Time to start making some miles in an Easterly direction. All we need is a reliable car, good company, and the relevant visas.
So after tense wait and surrendering our passports at the Kazakh embassy in Prague, Sam and I decided to spend our week of mandatary waiting time (surely, surely, by now there should a system that allows an instant visa, even if you have to pay a “I’m an idiot and didn’t bother getting a visa before I left the UK’ fee), taking a little jolly down through Austria, Slovenia, popping into Italy to catch up with some family, and then looping back round to collect a pair of passports, pages dripping with the fresh ink of two brand new visas for Kazakhstan.
The driving was spectacular, with mountain passes through Austria and Slovenia, Lake Bled and Bohinj, and just general countryside perfection that seems to be abundant in that part of the world. The afore mentioned reprobates, Alex and Alex, came with us for the ride, as we hoped to travel further East together and were keen not to get separated at such an early stage. It was great to have some company, and some more perspective on the route planning through some of the trickier areas.
As well as bringing company and brainpower to the journey, they also introduced some excitement, starting in an Austrian mountain pass with beautifully tarmaced harpin bends stretching into nowhere, that seemed permanently inhabited by suicidal motorcyclists.
The Red Duke was leading Ms Matiz down the South side of the mountain, and on particular hairpin got a bit out of shape, the rear outside wheel lifted so slightly, and then time slows, the Red Duke gracefully glided into the grassy ditch on the inside of the corner, while shedding her roof rack in the process. If ONLY we had caught it on film.
Once the relevant clear-up had been dealt with the Alex’s waited in Austria to deal with repairs and the associated logistics, we travelled on through Slovenia and Italy, and passports successfully collected from Prague, onto Romania.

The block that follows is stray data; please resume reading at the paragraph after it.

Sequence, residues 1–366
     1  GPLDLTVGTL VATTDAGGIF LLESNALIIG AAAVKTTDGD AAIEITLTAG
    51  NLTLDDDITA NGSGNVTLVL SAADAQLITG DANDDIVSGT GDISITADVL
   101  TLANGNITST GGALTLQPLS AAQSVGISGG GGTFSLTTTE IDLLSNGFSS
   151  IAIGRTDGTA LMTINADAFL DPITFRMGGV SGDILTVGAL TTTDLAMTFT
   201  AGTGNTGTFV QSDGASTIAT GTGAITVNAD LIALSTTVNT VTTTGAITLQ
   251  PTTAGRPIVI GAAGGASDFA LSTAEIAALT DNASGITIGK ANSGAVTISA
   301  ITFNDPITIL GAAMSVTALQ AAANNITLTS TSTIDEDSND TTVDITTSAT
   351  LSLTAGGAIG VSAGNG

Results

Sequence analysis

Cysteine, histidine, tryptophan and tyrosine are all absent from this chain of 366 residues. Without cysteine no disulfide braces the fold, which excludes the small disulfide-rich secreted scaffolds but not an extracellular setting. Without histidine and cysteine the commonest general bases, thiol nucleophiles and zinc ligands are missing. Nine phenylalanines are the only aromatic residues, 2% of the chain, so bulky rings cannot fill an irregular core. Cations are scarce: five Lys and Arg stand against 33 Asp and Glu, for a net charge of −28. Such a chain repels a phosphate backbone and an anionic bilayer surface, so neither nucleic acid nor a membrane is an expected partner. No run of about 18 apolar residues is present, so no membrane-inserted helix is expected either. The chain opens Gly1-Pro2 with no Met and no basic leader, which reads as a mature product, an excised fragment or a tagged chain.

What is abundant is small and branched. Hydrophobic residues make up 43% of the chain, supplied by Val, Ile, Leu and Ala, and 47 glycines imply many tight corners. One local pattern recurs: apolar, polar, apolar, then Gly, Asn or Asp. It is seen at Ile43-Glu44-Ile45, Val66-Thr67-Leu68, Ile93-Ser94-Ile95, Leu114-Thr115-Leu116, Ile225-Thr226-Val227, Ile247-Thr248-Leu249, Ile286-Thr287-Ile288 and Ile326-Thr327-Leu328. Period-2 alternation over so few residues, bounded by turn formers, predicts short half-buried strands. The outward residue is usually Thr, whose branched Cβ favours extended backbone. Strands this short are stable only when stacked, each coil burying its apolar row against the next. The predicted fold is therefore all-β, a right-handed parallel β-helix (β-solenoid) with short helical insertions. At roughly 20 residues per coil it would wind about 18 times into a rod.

Romania was the beginning of feeling free of the constraints that travelling in Western Europe brings; expensive parking, restrictions on camping, motorway tolls, and endless one-way systems. Finally, we could drive and camp freely, our only restrictions being the the fuel in our tank, the quality of the roads, and our respect for camping on local farmer’s land.
We met up once again with Alex and Alex, sporting a well repaired vehicle, and new respect for the delicate relationship between tyres and bitumen. Together, we drove further East through the Romanian countryside, and ascended the incredible Transfăgărășan highway, that threads it’s way through the Southern Carpathian mountains, without incident.
More wild camping and country driving ensued, camping in fields out of sight of roads, crouching in silence as shepherds herded their flocks of sheep through adjacent fields, and generally bemusing the locals with our magnificent machines. Ms Matiz and the Red Duke were the talk of the town.
Cooking and reading were done in the starlight of unbroken skies that stretched to the horizon, untainted by the light pollution and urban glow that so many of us have accepted as part of life. For all that cities and urbanisation bring to society, they robbed us of a really quite special bit of nature, and a sight that would have been daily enjoyed by most of the world’s population up until the last hundred years or so.